Miera-Fisk said she’d like to see the party recommit to its platform — which has, among its planks, a section lauding ethnic diversity — and that she’d approach the position of chairwoman as a full-time job.

And while she personally supports the traditional caucus system, she said the lawsuits challenging SB54 created a divide within the party and cannot continue.

“We can’t let a small, noisy, disruptive group lead that fight," she said. "We have to stand up and be strong together.”

Instead of fighting SB54, she said organization, preparation and communication will help good candidates get their name out so that the signature path is unnecessary.

She said she’d like to tell the warring factions in the signature-versus-caucus fight to “knock it off," and that everyone in the party needs to take responsibility for the messes Utah Republicans are facing.

(Courtesy of Chadwick H. Fairbanks III) Chadwick Fairbanks III is one of four candidates running to lead the Utah Republican Party.

Chadwick H. Fairbanks III

In 2010, Illinois native Chadwick Fairbanks III made his first visit to Utah for military training and was “blown away” by the cleanliness, booming economy and friendly residents. Within two years he had relocated his family here.

“Visiting a place like Utah was like a breath of fresh air,” he said.

Fairbanks said he’s been motivated to be more involved after leaving active military service and working for the government as a contractor.

He launched the Utah Republican Party’s Veterans Caucus last year and has twice run for Congress in Utah’s 1st District, first in 2016 as an unaffiliated candidate and again in 2018 as a Republican challenger to incumbent Rep. Rob Bishop, R-Utah.

He works as a business consultant based out of Park City, and said he was motivated to run for chairman after conducting a poll of Republican delegates that showed widespread frustration with the ongoing battle over SB54, and skepticism of lobbyists and special interest groups influencing the party and state government.

“The overarching sentiment was that the party needed to end its civil war,” Fairbanks said. “The SB54 fight has really created a stark dichotomy in the party and things have kind of ground to a standstill.”

Fairbanks said the party infighting and ensuing fundraising drought hurt Republican candidates during the 2018 election. And his priorities, if elected, would be a focus on bringing new money into the party — and paying off outstanding debts — updating voter data and reaching out to new residents so the state organization can play a larger supporting role in the 2020 elections.

“It’s not impossible for Utah to go blue some day,” Fairbanks said. “I think Republicans — conservative, Mormon Utahns — they don’t realize that’s a possibility that’s on the horizon if the Republican Party doesn’t change its current mode of operation.”

Fairbanks said he’d also create an advisory committee on SB54 to negotiate a compromise and move beyond that issue, adding that conservatives who want to continue fighting to restore the traditional caucus system should take those efforts outside the party to the state Legislature.

“As far as the party is concerned, we’re done with it," he said. "It’s over, SB54 is the law.”

(Courtesy of Phill Wright) Phill Wright is one of four candidates running to lead the Utah Republican Party.

Phill Wright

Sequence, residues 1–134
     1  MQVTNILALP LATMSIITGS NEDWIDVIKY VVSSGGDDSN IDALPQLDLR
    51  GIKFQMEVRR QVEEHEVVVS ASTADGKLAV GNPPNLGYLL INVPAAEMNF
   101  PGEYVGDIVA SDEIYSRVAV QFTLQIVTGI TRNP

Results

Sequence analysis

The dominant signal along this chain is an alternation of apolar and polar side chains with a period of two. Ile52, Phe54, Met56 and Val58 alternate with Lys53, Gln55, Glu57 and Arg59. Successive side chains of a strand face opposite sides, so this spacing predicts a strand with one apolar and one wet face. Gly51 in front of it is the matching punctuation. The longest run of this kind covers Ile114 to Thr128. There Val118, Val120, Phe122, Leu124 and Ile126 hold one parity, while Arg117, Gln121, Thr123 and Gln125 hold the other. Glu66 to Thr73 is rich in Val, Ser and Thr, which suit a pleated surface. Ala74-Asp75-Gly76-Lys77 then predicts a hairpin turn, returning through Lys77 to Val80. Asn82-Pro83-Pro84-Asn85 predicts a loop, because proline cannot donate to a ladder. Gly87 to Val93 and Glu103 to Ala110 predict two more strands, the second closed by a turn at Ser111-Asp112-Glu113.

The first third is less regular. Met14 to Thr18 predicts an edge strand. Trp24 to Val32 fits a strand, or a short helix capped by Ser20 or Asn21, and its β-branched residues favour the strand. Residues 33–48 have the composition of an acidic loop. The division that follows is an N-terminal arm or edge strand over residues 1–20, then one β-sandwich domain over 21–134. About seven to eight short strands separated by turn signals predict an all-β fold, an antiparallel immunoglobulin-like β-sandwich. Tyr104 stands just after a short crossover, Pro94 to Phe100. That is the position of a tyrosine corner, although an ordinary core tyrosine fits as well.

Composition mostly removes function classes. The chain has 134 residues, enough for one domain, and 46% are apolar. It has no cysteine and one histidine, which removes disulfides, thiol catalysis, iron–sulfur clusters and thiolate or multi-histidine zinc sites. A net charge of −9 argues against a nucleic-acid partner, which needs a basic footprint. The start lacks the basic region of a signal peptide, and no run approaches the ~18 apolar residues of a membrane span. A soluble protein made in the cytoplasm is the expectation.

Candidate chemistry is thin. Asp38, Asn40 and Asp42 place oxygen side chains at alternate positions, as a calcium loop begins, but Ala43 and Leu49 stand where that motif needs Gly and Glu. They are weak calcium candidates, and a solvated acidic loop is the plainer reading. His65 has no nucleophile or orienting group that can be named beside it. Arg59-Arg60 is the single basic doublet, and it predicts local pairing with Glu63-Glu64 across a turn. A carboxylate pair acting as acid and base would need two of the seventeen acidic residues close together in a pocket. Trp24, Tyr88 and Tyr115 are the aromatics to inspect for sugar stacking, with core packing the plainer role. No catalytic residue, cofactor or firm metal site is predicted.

Few Utahns are as personally associated with the fight over SB54 as Phill Wright, a vocal proponent of the caucus system who has fought the dual-path and signature routes from both within the party, as a member of the Republican Party’s governing State Central Committee, and without, as executive director of Keep My Voice.

Wright was among the committee members who authorized lawsuits against the state and pushed a party bylaw that could have stripped candidates of their Republican membership for gathering signatures. And with Keep My Voice, he was part of a successful effort to impede Count My Vote — the group that catalyzed SB54 — from qualifying its ballot initiative that may have seen the dual path ratified through a public vote.

“I would rather be known as the guy who stood for something,” Wright said, “than the guy who sat through everything."

Now, the former Utah Republican Party vice chairman says that while he’ll continue to encourage the repeal of SB54, he will not lead any fight against signature candidates or encourage the party to launch new litigation.

“I will treat every candidate fairly,” Wright said, “regardless of how they make it to a primary.”

Wright ran for chairman two years ago, losing to Anderson. But Wright said he has always been appreciative of the individuals who serve in party leadership, describing it as a thankless but necessary role.

He said the party should never assume a candidate is safe, pointing to McAdams’ narrow defeat of Mia Love in 2018 after two terms in Congress. The party dropped the ball in that race, Wright said, compounded by low voter turnout in Utah County that may have been exacerbated by long lines at a limited number of polling locations.

“The party has done a very poor job getting its message out,” Wright said. “It’s done a poor job supporting its candidates across the state.”

Wright said the Utah Republican Party is at a crossroads, but is not necessarily falling apart. Republicans are unified in their support for the party platform, he said, and promoting those principles is key to healing divisions, expanding the party base and moving forward after years of fighting over SB54.

He also said he hopes to work with teenage and college Republican organizations to counteract what he described as “indoctrination” at universities.

“We need to help encourage them and remind them that they are here today because of capitalism," Wright said, “and socialism kills, as we’ve seen in other countries around the world.”

He said he welcomes debate and conversation, but emphasized that any changes should come from within the organization, rather than a reaction to outside pressures.

“I relate it to people joining a church," Wright said. “If you join a church, you’re joining that church because you agree with their doctrine — we’ll call that their platform. And if you agree with their platform you align with them, you become part of that organization. I feel it’s the same way with politics.”